The Math Behind Putting Down Less Than 20%

July 21, 2022

This might come as a surprise, but you don’t actually need to put down 20% on your home. In fact, for first-time homebuyers, the average down payment is just 8% — and it’s possible to put down even less. But how does the math shake out in your monthly mortgage payments?

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Let’s break down the numbers behind putting down less than 20%.  

Add in Primary Mortgage Insurance

If your down payment is less than 20% and you have a conventional loan, your lender will require private mortgage insurance (PMI), which is an added insurance policy that protects the lender if you can't pay your mortgage. This payment will be added onto your monthly mortgage bill, requiring you to spend slightly more per month.

Some lenders offer loan products that do not require you to have PMI. However, in return, these lenders will often charge higher interest rates.

The cost of PMI varies based on your credit score and your loan-to-value ratio (the amount you owe on your mortgage compared to its value). It also depends on the insurer. You can expect to pay between $30 and $150 per month for every $100,000 you borrow.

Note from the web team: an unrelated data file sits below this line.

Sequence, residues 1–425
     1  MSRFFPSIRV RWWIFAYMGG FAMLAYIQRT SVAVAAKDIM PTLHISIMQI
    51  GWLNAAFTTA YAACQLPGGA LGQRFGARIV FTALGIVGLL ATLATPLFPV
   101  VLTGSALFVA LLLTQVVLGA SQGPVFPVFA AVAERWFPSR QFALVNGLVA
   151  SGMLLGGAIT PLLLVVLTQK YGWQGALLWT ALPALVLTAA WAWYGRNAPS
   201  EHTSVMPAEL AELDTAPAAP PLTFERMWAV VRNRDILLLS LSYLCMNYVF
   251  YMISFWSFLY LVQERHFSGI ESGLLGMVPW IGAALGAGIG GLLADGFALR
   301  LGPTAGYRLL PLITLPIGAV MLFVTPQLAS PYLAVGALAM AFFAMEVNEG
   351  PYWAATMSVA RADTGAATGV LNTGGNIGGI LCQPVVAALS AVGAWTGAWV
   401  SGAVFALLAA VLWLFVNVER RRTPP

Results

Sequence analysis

Some types of loans, such as FHA loans, do require you to pay PMI for the life of the loan. However, for many other types of loans, once you've built 20% equity in your home, you can ask your lender to cancel your PMI and remove that expense from your monthly payment.

Add in Principal and Interest

When you put down more cash up front, the amount of money you need to borrow decreases. The less you borrow, the lower your monthly payment (principal + interest).

To help you understand the math, here’s an example of how different down payment amounts affect your monthly mortgage payment, PMI and total monthly expenses over the life of your loan. 

A $300,000 Home: 5% Down vs. 20% Down

 5% Down Payment20% Down Payment
Down Payment Amount$15,000$60,000
Loan Amount$285,000$240,000
Mortgage Term30-year fixed rate30-year fixed rate
Interest Rate7%7%
Monthly Mortgage Payment (Principal + Interest)$1,896$1,597
Total Monthly Payment (Excluding Property Taxes, Insurance)$2,170$1,597


Calculating the Pros and Cons

When weighing the pros and cons of different down payment options, keep in mind:

  • Homebuyers who put at least 20% down don't have to pay PMI, and they'll save on interest over the life of the loan. 
  • Putting 20% down is likely not in your best interest if it would leave you in a compromised financial position with no financial cushion.
  • If mortgage rates are low when you are buying, a lower down payment can help you take advantage of economic conditions. 

A housing counselor and your lender can help you understand the different down payment options available and determine what makes sense for you.

The Bottom Line

It is possible to get a mortgage without a 20% down payment. However, a lower down payment up front means bigger monthly mortgage payments — but it also means becoming a homeowner sooner.

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